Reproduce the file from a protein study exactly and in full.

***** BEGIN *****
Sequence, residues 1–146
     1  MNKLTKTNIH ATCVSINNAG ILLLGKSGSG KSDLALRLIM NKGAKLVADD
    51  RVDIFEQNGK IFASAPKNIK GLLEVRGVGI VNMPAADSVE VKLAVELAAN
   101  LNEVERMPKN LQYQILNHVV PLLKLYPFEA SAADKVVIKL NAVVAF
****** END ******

Sequence, residues 1–146
     1  MNKLTKTNIH ATCVSINNAG ILLLGKSGSG KSDLALRLIM NKGAKLVADD
    51  RVDIFEQNGK IFASAPKNIK GLLEVRGVGI VNMPAADSVE VKLAVELAAN
   101  LNEVERMPKN LQYQILNHVV PLLKLYPFEA SAADKVVIKL NAVVAF